From Aspen Journalism (Brent Gardner-Smith):
The city of Aspen now has signed settlement agreements from five of the 10 parties opposing its efforts in water court to maintain conditional water storage rights tied to large potential dams on Maroon and Castle creeks, including Pitkin County, Wilderness Workshop, Western Resource Advocates, and two private-property owners in the Castle Creek valley.
“Aspen agrees that it will forego the right to store water pursuant to these water rights at the original decreed locations,” a May 24 staff memo from the city states.
The five parties that have yet to sign agreements include the U.S. Forest Service, American Rivers, Trout Unlimited, and two property owners in the Maroon Creek valley.
According to a draft resolution that the city council is expected to approve at a regular meeting on Tuesday, city staffers and the city attorney “have diligently negotiated with the remaining opposers to seek settlement in regarding their opposition and staff and its attorney believe that stipulations substantially similar to the attached stipulations will be entered with the remaining opposers.”
The city has said that none of the agreements are binding unless all 10 parties agree to the settlement terms.
As the city works through settlement negotiations with the parties, the resulting agreements can become more restrictive, but not less so, which is a common approach to settling water court cases.
For example, the agreement signed by an attorney for Pitkin County regarding Maroon Creek Reservoir does not include the county-owned Moore Open Space as one of the sites where the city may move its storage right, as did an earlier version of the agreement signed by Wilderness Workshop.
Other potential water-storage sites include the current Woody Creek gravel pit site, a piece of vacant land next to the gravel pit recently purchased by the city for potential water storage, the city-owned Zoline open space between the Maroon Creek Club and the Burlingame housing project, the city-owned Cozy Point Open Space at the bottom of Brush Creek Road, and the city’s municipal golf course.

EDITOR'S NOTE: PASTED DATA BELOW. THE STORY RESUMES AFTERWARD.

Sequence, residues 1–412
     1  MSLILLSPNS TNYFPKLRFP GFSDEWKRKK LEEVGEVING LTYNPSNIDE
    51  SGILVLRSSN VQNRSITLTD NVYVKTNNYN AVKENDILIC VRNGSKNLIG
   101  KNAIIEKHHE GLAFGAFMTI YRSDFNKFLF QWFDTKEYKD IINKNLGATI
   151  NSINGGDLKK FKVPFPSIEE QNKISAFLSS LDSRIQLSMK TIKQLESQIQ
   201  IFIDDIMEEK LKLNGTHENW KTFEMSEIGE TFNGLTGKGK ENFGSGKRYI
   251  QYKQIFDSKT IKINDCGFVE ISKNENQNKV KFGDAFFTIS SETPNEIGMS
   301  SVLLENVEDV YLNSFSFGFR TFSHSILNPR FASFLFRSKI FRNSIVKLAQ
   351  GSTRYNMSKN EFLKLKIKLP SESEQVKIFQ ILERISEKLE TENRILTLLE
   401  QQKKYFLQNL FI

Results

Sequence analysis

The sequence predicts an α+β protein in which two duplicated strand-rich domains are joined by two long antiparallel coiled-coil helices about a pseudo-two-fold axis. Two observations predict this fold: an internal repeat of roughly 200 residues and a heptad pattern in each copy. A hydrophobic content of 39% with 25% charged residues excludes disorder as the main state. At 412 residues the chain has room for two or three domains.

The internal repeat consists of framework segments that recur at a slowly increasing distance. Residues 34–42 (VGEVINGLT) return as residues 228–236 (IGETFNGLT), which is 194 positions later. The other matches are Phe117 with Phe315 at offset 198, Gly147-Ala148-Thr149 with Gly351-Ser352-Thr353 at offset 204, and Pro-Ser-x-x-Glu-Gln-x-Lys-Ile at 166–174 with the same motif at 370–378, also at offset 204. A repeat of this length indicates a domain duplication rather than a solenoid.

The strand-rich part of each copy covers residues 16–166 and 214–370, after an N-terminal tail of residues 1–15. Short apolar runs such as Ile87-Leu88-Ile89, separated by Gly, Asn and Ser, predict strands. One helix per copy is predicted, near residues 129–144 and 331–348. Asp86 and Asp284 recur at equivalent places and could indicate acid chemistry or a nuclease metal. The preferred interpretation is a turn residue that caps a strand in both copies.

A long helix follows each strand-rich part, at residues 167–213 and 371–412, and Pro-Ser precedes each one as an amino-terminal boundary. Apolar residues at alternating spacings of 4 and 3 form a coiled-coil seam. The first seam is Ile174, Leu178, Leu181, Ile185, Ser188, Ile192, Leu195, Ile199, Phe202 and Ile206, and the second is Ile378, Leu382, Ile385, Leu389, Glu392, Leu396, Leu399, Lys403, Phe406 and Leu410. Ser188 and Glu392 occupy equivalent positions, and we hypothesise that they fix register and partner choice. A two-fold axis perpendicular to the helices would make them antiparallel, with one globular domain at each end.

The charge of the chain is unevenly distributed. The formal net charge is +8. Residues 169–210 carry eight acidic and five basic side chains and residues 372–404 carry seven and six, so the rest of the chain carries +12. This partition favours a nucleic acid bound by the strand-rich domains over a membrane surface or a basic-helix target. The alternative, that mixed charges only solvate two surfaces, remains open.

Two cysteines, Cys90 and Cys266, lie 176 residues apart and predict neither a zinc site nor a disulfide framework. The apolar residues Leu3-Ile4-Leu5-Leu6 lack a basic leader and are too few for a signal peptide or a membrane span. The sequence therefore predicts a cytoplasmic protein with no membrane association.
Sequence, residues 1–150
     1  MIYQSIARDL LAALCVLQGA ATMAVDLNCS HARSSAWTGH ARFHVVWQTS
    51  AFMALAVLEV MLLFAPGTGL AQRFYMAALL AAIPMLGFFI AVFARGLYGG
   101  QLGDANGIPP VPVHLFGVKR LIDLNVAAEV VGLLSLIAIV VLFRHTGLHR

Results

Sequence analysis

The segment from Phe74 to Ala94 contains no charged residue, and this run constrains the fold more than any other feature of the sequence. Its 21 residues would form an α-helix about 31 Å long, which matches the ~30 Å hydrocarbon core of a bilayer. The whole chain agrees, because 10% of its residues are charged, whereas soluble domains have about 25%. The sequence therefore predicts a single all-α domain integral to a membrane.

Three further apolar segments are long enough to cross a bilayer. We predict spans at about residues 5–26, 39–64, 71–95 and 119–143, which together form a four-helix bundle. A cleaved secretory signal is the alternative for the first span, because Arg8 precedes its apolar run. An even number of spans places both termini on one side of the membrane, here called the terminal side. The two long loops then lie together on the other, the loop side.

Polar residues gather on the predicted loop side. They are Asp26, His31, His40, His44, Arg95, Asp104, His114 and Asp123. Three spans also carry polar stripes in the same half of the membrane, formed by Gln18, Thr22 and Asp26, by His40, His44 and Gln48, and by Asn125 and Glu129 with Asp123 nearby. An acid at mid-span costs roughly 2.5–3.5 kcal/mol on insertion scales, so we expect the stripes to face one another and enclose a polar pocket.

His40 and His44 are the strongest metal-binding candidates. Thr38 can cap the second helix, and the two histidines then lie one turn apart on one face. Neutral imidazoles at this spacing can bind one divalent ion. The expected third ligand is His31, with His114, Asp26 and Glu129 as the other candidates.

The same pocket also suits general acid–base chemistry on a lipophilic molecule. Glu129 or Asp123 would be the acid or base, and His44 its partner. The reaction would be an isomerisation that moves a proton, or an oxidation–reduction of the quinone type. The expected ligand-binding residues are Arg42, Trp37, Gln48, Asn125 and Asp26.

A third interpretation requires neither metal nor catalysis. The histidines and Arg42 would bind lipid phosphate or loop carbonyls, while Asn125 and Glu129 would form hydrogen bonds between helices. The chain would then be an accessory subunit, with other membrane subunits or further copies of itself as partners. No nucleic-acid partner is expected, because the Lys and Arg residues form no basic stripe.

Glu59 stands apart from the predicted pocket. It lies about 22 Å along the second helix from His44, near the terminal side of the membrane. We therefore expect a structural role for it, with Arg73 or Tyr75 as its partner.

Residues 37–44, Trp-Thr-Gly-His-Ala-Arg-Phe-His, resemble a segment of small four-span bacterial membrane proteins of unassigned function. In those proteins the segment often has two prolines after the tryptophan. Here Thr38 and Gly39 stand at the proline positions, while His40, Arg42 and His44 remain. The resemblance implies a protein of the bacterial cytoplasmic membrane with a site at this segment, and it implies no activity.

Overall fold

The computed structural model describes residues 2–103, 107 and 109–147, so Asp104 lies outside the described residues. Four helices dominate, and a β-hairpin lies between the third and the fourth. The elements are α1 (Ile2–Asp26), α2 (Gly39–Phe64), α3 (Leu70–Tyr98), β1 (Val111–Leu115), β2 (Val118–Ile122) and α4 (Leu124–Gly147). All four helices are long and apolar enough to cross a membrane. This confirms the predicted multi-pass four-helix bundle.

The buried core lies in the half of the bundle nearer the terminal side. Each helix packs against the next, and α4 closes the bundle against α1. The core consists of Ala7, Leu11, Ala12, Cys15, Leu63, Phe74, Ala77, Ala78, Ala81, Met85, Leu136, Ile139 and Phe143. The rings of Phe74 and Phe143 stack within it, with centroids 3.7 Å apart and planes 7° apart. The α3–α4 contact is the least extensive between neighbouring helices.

Under the agreements, the city will seek to transfer its conditional water storage rights from the upper Castle and Maroon creek valleys to these other potential reservoir sites, with a maximum storage capacity of 8,500 acre-feet.
The city has held the conditional water rights for the Castle and Maroon creek reservoirs since 1965 and they carry a 1971 decree date, which the city hopes to carry to the other potential locations.
The potential Maroon Creek Reservoir would hold 4,567 acre-feet of water behind a 155-foot-tall dam on USFS property within view of the Maroon Bells. It would also flood a portion of the Maroon Bells-Snowmass Wilderness.
The potential Castle Creek Reservoir would hold 9,062 acre-feet behind a 170-foot-tall dam, mainly on private property, two miles below Ashcroft.
Western Resource Advocates and Wilderness Workshop issued a press release about their agreements with the city on Thursday afternoon.
The release was sent out after the city of Aspen posted the meeting packet for a scheduled May 29 Aspen City Council meeting.
Aspen Public Radio posted a story on Thursday afternoon with the headline, “Aspen agrees to never build dams on Castle and Maroon.”